I’ll probably talk more about adjusting recipes as the project goes on, since that’s a pretty key strategy for spending less.

One of the main things I do in terms of food selection is try to buy and prepare things that will freeze well. So I’ll eat what I want the first night, put about two servings of leftovers in the fridge, and put whatever’s left in single-serving containers in the freezer. This has the great benefit of giving you a nicely stocked freezer for those days when you can’t make it to the store or you get home late or you run out of money or whatever.

I will also process and freeze fresh ingredients that I’m not going to get to before they go bad.

For instance I recently bought a package of mushrooms to use in a pasta dish, and I used about a third of the container and then after a week or two decided I wasn’t particularly inspired to make something that would use up the rest of the mushrooms, and I needed to take care of them.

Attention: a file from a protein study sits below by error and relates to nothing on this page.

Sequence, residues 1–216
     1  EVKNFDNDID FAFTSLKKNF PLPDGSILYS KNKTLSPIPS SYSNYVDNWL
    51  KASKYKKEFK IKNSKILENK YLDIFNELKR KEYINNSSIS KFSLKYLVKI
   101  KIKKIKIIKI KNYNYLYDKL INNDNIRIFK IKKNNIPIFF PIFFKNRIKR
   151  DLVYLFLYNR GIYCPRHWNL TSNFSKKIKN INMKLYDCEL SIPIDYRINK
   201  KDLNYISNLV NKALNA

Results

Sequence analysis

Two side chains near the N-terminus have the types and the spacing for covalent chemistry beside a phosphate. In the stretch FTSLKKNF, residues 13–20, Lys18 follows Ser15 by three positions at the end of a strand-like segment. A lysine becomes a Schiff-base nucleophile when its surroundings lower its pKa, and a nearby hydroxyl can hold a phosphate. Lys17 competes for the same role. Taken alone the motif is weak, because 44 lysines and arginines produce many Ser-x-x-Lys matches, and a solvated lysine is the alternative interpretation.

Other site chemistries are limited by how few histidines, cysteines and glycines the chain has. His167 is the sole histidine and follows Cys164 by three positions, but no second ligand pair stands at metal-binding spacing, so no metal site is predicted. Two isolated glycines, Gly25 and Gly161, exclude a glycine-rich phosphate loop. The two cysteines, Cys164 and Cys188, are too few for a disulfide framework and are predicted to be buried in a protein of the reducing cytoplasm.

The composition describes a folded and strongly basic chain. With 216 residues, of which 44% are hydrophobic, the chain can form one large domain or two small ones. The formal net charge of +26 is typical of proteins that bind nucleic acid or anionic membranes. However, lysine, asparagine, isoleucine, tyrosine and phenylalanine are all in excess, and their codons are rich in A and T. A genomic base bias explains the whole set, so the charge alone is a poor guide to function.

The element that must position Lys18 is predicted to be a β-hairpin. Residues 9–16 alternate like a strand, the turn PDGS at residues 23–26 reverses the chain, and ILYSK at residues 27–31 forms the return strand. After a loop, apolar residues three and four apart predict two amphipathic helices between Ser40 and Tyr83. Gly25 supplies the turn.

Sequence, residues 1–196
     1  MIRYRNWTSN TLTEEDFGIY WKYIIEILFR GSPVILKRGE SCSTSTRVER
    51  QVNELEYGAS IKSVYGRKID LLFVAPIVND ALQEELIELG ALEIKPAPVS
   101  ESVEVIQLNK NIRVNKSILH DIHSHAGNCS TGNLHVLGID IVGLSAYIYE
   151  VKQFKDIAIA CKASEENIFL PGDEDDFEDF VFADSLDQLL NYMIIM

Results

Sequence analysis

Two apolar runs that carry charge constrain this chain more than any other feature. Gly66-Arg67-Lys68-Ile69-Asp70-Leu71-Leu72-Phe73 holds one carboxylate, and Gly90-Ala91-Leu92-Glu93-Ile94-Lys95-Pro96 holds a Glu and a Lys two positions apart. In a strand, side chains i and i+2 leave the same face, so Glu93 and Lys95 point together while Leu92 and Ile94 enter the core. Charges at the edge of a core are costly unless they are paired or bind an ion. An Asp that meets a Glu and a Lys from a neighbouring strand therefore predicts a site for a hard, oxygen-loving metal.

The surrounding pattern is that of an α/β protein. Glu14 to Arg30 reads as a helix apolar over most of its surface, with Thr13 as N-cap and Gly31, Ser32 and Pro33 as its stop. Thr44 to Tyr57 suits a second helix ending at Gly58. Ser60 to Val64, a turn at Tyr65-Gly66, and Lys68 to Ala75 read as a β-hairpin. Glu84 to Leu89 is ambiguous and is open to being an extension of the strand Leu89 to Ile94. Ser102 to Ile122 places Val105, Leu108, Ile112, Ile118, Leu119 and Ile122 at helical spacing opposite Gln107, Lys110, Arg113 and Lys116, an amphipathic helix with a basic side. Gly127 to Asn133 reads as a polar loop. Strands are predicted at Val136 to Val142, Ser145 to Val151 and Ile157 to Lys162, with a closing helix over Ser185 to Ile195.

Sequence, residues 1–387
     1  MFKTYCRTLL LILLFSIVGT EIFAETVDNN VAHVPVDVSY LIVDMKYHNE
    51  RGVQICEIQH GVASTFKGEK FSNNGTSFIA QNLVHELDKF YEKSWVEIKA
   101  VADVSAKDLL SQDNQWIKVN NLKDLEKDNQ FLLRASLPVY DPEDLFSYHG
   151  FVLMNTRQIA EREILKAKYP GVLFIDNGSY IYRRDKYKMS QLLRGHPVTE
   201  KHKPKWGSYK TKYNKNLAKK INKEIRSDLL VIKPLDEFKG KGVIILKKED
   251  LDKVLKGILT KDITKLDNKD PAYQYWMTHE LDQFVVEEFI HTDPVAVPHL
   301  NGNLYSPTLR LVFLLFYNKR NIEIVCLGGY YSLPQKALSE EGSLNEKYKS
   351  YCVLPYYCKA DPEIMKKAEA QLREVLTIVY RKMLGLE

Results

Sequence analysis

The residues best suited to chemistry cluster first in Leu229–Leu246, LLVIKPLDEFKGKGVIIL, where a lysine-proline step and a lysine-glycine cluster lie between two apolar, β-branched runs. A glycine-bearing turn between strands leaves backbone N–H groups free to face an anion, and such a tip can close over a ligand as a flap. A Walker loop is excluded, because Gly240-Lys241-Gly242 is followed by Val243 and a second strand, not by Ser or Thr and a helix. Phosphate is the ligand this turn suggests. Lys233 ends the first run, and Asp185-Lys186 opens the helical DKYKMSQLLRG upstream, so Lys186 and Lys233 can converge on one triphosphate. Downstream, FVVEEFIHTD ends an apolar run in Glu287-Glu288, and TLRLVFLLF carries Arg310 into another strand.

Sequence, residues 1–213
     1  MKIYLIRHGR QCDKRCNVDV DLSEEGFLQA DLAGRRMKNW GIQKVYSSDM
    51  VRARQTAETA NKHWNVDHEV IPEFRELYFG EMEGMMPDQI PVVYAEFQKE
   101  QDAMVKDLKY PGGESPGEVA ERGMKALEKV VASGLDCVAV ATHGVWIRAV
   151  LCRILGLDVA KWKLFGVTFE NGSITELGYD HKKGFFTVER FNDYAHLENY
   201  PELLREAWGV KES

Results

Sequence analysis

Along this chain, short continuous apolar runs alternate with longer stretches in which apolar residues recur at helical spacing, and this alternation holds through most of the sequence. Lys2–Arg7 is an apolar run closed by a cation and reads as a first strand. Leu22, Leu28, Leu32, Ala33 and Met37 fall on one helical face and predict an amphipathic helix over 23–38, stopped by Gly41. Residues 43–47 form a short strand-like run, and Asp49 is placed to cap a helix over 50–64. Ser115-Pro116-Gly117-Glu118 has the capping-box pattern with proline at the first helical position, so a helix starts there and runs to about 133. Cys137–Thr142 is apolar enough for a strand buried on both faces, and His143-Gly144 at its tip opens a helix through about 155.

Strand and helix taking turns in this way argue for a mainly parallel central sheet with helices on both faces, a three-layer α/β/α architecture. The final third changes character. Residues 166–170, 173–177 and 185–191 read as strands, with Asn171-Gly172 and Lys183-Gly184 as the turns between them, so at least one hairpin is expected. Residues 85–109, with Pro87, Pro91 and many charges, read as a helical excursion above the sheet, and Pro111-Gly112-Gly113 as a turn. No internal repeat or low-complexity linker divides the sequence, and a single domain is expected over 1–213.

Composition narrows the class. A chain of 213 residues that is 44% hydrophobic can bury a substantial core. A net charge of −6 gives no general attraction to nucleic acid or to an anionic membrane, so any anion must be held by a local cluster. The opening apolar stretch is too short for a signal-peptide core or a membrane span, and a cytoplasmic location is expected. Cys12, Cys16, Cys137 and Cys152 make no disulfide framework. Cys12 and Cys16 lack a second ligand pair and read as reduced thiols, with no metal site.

So I sliced the mushrooms and sauteed them in olive oil with garlic, and mixed some in with some scrambled eggs for my breakfast and wrapped the rest (a little over 1/4 cup) in plastic wrap and dropped that into a freezer bag and put it in the freezer. And there’s one other thing I did, which I cannot overstate the importance of.

I put a small note in the bag that says MUSHROOMS 1/2010.

Do not skip this step, or you will end up with a freezer full of things wrapped in plastic in small plastic bags, and you will not be able to tell what any of it is. Once things are wrapped in plastic and placed in small plastic bags, it all looks the same. You cannot tell what something is by looking at it, you have to pull it out of the bag and partially unwrap it and smell it, and eventually you say, “Oh, right. Mushrooms.” And you put it back in the freezer and continue looking for the tomato paste.